Who must comply with the GDPR?

Any organization that processes the personal data of people in the EU must comply with the GDPR. “Processing” is a broad term that covers just about anything you can do with data: collection, storage, transmission, analysis, etc. “Personal data” is any information that relates to a person, such as names, email addresses, IP addresses, eye color, political affiliation, and so on. Even if an organization is not connected to the EU itself, if it processes the personal data of people in the EU (via tracking on its website, for instance), it must comply. The GDPR is also not limited to for-profit companies.

What are the GDPR fines?

The GDPR allows the data protection authorities in each country to issue sanctions and fines to organizations it finds in violation. The maximum penalty is €20 million or 4% of global revenue, whichever is higher. Data protection authorities can also issue sanctions, such as bans on data processing or public reprimands.

How do I comply with the GDPR?

Organizations can comply with the GDPR by implementing technical and operational safeguards to protect the personal data they control. The first step is to conduct a GDPR assessment to determine what personal data they control, where it is located, and how it is secured. They must also adhere to the privacy principles outlined in the GDPR, such as obtaining consent and ensuring data portability. You may also be required to appoint a Data Protection Officer and update your privacy notice, among other organizational measures.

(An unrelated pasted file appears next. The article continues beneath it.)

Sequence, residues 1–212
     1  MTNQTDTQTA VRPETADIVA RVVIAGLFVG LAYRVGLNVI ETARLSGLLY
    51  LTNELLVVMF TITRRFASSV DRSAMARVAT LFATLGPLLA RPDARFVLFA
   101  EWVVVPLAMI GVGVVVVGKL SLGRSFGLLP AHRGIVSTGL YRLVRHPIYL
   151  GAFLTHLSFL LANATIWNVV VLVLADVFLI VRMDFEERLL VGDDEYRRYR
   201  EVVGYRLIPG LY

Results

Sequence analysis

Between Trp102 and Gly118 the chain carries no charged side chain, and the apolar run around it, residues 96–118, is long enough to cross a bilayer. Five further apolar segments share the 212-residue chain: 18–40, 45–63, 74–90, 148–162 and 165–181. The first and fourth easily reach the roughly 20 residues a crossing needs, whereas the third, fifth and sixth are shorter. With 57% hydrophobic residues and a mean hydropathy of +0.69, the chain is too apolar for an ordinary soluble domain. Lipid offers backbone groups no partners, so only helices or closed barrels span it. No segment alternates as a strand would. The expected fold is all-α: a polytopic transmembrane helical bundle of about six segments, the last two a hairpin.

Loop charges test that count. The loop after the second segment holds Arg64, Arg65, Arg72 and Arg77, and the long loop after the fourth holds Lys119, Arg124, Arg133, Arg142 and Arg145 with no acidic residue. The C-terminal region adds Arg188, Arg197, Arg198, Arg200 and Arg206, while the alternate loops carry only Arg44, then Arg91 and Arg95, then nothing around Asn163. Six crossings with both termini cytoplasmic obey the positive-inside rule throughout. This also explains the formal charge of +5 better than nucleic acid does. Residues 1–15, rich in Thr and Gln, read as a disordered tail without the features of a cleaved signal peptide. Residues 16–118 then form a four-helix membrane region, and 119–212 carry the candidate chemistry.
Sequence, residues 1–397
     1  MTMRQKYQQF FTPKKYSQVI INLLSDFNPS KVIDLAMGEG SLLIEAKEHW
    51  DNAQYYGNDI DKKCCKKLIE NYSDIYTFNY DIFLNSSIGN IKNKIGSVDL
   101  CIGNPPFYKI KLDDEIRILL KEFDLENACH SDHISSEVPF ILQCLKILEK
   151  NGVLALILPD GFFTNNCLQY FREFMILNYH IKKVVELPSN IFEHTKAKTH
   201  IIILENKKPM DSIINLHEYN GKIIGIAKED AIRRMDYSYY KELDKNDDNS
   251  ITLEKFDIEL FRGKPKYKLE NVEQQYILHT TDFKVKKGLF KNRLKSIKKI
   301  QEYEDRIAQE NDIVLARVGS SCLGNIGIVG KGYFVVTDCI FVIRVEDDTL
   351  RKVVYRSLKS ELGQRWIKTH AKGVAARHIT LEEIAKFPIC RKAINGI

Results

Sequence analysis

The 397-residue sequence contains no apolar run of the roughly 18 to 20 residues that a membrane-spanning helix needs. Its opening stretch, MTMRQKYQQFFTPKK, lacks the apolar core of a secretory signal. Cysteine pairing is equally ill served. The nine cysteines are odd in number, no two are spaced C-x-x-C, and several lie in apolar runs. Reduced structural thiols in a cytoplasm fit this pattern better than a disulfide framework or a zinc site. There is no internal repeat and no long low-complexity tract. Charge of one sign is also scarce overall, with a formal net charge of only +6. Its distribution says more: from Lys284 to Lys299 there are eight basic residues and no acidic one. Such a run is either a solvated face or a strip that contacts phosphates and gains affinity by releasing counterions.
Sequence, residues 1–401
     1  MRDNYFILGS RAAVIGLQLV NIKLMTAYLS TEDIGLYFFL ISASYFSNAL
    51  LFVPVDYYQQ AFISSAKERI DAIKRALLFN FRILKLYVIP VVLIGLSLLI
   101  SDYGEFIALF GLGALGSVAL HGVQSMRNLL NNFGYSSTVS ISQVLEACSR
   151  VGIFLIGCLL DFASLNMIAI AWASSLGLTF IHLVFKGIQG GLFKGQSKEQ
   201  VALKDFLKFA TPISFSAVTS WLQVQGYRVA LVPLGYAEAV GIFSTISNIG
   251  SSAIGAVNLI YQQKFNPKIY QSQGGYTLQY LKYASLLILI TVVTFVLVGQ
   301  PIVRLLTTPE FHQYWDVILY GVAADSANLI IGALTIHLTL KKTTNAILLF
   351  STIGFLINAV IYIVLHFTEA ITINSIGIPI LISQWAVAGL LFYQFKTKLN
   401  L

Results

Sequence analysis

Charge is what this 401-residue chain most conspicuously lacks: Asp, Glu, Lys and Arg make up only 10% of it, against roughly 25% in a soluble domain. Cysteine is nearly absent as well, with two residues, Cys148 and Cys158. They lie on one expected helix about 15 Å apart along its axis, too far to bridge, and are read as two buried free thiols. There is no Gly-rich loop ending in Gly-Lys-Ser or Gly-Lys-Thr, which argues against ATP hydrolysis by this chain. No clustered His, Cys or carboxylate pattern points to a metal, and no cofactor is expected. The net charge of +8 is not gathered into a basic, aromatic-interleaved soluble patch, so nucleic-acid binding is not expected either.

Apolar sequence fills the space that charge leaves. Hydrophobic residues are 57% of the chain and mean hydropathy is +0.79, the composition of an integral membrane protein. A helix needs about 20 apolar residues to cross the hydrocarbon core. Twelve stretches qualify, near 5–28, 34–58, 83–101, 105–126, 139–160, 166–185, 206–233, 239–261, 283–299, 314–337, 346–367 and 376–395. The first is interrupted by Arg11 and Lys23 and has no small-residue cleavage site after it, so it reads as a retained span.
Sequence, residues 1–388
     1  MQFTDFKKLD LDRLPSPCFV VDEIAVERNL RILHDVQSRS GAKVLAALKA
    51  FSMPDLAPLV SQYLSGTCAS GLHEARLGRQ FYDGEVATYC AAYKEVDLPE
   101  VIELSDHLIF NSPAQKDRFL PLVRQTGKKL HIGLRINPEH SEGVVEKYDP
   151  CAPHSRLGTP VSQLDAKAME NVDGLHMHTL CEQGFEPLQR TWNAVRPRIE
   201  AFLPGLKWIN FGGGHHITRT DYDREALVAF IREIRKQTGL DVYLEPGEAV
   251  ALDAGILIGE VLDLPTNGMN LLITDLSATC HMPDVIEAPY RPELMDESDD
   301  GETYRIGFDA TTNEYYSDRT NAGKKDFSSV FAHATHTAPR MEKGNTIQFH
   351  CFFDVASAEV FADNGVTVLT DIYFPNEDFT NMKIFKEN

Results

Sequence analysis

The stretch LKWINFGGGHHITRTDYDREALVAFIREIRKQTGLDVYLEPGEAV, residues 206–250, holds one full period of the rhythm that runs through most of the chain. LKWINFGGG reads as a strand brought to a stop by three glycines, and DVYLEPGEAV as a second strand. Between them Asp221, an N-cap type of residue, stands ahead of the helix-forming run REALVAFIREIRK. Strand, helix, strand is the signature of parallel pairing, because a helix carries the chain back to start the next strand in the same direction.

What is a Data Protection Officer?

A Data Protection Officer (DPO) is an employee within your organization who is responsible for understanding the GDPR and ensuring your organization’s compliance. The DPO is the main point of contact for the data protection authority. Typically, the DPO has knowledge of both information technology and law.

Does the GDPR require encryption?

The GDPR requires organizations to implement “appropriate technical and organizational measures” to secure personal data and provides a shortlist of options for doing so, including encryption. In many cases, encryption is the most feasible method of securing personal data. For instance, if you regularly send emails within your organization that contains personal information, it may be more efficient to use an encrypted email service than to anonymize the information each time.


What is CCPA?

California enacted, in June 2018, the California Consumer Privacy Act (CCPA). The CCPA constitutes the broadest and most comprehensive privacy law in the United States to date. The CCPA is the beginning of “America’s GDPR.” The CCPA provides for both a limited private right of action for Consumers and more robust enforcement capabilities for the California attorney general.